Published On: Mon, Dec 11th, 2023

FMIA Week 14: Dak Prescott, Confidence Man; The Flag Heard ‘Round Kansas City

FMIA Week 14: Dak Prescott, Confidence Man; The Flag Heard ‘Round Kansas City
FMIA Week 14: Dak Prescott, Confidence Man; The Flag Heard ‘Round Kansas City

1. I think so many things overshadowed Jake Browning over the past seven days—but that shouldn’t diminish the performance of a backup quarterback who beat two playoff contenders Monday (Jacksonville) and Sunday (Indy)—and put up a 119.2 passer rating and 68 points in the process. It’s crazy. It speaks to the confidence Browning has in himself and that the coaches have in him. Now Browning’s got playoff-type games, potentially, four weeks in a row: Minnesota, at Pittsburgh, at Kansas City, Cleveland.

2. I think the Saints being in a three-way tie atop the NFC South is only one of the headlines in New Orleans today. The victory over Carolina was Mickey Loomis’ 200th victory as an NFL general manager, and he’s the ninth GM to reach that plateau. Loomis tied Ozzie Newsome with his 200th win Sunday; others on the list, which includes all who are GMs or have total control over football operations: Al Davis, Bill Belichick, Curly Lambeau, Bill Polian. Loomis has done it mostly with Sean Payton and Drew Brees, but for six years on either side of Payton/Brees he fielded competitive teams as well. “Having 200 wins speaks to his discipline, strategy and consistency,” said Saints linebacker Demario Davis. “I have been part of one of the most talented locker rooms in the NFL year in and year out, and that’s a testimony to Mickey’s understanding of the game, players and our team needs.”

3. I think there was this interesting tidbit from the Travis Kelce profile in the WSJ magazine of The Wall Street Journal. In a story by J.R. Moehringer, the writer points out that Kelce’s $14-million-a-year salary is about half of what the top wide receivers make, and since Kelce functions as a hybrid WR/TE, he’s underpaid. Moehringer writes of Kelce: “Nothing to be done, he says flatly. The Chiefs know, he says, that he would play for free. They know he loves his city, his quarterback. ‘Unfortunately, in this business, things gotta get ugly, they gotta be unpleasant [if you want more money], and I’m a pleasant son of a buck.’ Thank goodness for endorsements. At this point, says his co-manager Aaron Eanes, ‘the NFL is just his side hustle.’”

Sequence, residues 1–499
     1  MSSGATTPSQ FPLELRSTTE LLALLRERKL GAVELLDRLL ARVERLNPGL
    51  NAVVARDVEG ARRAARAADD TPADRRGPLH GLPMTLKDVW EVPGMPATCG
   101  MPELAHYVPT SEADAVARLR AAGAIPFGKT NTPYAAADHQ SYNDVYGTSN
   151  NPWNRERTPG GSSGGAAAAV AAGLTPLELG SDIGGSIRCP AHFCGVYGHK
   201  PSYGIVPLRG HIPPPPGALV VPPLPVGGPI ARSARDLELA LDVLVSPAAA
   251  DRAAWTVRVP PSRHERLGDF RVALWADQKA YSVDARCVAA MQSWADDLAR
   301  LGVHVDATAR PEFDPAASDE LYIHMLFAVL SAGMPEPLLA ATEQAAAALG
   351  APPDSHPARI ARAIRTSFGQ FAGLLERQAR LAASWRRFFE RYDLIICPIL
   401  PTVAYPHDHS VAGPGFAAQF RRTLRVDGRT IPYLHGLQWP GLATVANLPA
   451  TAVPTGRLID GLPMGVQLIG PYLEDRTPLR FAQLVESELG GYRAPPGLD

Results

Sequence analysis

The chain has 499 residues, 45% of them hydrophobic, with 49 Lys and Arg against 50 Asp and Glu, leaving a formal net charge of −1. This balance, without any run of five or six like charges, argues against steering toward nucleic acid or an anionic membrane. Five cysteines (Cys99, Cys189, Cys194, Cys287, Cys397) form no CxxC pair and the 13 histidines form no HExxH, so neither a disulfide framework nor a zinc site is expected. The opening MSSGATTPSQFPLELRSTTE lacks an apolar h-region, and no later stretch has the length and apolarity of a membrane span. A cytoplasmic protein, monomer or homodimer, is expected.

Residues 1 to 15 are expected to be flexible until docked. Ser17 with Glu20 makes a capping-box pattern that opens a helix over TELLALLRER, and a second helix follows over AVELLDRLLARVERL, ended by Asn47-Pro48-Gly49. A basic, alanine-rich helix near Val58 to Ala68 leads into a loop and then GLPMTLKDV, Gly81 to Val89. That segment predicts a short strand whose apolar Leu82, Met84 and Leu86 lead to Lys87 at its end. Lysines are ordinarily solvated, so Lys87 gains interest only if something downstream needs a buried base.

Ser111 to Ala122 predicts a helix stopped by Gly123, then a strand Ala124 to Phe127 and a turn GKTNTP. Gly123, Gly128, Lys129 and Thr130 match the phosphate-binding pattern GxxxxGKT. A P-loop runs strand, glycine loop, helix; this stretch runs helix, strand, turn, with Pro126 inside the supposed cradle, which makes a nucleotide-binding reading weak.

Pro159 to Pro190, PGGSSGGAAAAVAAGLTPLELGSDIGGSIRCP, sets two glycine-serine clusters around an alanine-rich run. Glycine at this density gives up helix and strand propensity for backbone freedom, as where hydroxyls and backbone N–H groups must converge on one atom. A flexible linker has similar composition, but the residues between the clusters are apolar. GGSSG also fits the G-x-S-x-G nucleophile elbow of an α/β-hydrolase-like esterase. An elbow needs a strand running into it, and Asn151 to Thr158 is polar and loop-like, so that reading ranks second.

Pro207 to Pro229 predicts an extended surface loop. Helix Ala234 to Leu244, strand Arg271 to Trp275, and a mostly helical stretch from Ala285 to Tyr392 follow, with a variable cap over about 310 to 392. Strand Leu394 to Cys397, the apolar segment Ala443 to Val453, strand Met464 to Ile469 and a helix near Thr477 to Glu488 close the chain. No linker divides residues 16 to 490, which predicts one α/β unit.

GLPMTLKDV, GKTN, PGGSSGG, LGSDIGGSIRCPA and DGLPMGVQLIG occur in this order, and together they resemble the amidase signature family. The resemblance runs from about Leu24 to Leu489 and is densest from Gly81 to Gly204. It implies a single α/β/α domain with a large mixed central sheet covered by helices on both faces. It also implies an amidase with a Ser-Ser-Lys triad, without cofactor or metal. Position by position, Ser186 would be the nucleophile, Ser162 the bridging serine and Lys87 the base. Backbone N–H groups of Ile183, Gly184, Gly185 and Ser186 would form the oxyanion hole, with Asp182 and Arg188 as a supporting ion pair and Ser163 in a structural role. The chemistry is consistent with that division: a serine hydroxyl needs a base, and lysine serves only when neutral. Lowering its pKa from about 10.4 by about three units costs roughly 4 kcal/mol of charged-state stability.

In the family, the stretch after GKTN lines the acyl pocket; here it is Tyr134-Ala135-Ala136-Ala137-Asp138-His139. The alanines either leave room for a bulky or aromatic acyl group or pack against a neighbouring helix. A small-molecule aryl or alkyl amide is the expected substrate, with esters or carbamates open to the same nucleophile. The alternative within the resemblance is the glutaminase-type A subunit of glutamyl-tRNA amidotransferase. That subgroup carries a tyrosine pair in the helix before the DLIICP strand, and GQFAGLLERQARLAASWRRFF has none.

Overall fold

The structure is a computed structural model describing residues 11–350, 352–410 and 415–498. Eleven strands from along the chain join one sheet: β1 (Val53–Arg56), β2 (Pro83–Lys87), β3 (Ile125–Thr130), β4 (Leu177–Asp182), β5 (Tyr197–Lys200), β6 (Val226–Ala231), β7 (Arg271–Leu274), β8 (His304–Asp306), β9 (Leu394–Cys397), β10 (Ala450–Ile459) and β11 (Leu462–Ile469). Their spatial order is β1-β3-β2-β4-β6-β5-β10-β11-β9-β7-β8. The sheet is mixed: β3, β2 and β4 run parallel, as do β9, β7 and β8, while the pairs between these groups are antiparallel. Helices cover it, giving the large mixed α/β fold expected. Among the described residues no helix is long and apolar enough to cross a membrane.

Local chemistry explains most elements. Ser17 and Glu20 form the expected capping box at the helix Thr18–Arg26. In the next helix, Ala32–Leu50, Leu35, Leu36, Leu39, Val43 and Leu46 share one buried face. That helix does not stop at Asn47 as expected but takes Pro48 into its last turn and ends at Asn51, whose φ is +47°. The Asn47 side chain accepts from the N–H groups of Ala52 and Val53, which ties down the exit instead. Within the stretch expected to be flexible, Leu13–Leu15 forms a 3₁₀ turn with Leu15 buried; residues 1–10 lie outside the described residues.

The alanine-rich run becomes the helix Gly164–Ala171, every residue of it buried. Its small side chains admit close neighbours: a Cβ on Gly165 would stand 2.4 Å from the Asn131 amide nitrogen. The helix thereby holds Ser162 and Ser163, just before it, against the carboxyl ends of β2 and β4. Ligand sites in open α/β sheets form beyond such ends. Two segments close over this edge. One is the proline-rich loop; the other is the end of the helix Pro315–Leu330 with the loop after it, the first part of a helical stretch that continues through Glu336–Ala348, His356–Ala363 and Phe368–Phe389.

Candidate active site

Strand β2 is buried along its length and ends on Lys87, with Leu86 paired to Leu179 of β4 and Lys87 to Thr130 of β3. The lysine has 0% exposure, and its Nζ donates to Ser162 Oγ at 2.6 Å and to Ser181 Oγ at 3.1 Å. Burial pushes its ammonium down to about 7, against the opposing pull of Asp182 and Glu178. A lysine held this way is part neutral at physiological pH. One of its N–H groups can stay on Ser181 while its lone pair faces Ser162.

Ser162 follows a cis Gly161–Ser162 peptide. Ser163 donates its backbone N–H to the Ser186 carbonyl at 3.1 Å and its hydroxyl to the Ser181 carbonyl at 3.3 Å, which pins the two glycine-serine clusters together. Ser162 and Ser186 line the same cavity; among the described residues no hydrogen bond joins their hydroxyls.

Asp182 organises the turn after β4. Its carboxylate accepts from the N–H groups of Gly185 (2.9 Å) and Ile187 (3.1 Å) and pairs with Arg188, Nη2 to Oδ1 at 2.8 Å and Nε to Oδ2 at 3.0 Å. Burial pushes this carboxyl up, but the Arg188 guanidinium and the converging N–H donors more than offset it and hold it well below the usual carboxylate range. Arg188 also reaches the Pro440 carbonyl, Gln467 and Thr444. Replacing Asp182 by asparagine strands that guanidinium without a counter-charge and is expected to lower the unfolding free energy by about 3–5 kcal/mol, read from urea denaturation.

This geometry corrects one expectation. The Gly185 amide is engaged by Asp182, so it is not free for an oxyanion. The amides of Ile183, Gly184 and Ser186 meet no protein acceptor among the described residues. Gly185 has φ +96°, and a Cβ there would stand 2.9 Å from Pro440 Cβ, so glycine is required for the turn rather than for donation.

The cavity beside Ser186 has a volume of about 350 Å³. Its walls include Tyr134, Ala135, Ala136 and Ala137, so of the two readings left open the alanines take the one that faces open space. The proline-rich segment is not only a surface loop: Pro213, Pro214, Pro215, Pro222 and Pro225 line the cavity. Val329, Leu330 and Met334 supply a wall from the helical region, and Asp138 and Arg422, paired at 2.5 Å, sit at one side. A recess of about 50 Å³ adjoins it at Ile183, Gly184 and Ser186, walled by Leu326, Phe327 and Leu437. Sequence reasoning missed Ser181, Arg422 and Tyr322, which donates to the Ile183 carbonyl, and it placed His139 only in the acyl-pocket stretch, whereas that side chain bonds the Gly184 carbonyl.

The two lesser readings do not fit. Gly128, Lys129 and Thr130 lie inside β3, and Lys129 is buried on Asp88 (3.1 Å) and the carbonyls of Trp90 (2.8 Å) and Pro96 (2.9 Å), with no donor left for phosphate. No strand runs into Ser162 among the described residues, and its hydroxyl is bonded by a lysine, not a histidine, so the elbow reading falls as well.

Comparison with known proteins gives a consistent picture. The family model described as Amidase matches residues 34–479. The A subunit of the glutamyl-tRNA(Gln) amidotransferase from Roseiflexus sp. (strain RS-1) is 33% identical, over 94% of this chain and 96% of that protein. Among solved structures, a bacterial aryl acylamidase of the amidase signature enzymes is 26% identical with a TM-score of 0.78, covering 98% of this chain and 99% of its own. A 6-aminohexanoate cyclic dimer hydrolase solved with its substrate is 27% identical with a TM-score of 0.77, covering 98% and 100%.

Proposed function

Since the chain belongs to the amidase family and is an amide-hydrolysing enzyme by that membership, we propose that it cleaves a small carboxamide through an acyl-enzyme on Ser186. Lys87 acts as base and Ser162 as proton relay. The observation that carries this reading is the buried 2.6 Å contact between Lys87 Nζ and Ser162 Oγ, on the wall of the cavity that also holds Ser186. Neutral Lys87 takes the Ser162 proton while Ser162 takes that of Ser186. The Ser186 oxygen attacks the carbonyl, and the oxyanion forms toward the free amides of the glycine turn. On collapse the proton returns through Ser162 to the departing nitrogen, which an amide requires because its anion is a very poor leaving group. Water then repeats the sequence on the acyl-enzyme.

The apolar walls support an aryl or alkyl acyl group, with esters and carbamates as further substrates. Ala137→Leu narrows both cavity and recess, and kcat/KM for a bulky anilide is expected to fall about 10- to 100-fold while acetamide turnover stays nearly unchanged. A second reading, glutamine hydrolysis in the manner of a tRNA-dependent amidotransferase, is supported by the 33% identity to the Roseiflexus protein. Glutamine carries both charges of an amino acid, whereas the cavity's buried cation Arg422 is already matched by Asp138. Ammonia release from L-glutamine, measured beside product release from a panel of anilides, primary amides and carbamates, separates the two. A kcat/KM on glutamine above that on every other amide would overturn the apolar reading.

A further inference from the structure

4. I think I want a $14-million-a-year side hustle. Know of any?

5. I think I love this little note from the week in Miami: The turf was replaced Tuesday night at Hard Rock Stadium, and the Tennessee-Miami game tonight will be the first NFL game played on the new grass. The turf comes from an 80-acre sod farm in Loxahatchee Groves, Fla., 61 miles north of the stadium. The Dolphins own the sod farm; the team bought the acreage and established the place in 2019 in a quality-control effort ensuring the best field they can have through the year. They can replace the turf, easily, on short notice, with trucks hauling it from an hour away. They change out the grass eight to 10 times a year. This farm can grow about 15 fields at once, and it takes about a year to grow one of the fields to full maturity before it is transplanted.

6. I think I’m assuming Joseph Person and Dianna Russini, reliable reporters, have the story nailed about there being a “Hunger Games” culture inside the Panthers, with various coaches/employees texting and taking to the owner, David Tepper, with scuttlebutt that was negative about Frank Reich. Two thoughts.

  • One: An owner who actively engages with multiple employees in opposition to what the head coach is doing is a big part of the problem. It’s not the owner’s job to encourage employees to undercut the coach. It’s reprehensible that the owner would engage in or encourage that.
  • Two: That franchise is a mess.

7. I think there should be blinking lights to warn every coach who interviews for this Carolina head-coaching job: Beware. If you trust yourself, and if you trust that some other trustworthy, smart owner—unlike what there is in Charlotte—will want you one of these days, just walk on by. Wait.

8. I think that was one heck of a strained hamstring for Justin Jefferson. It took 63 days to come back from it.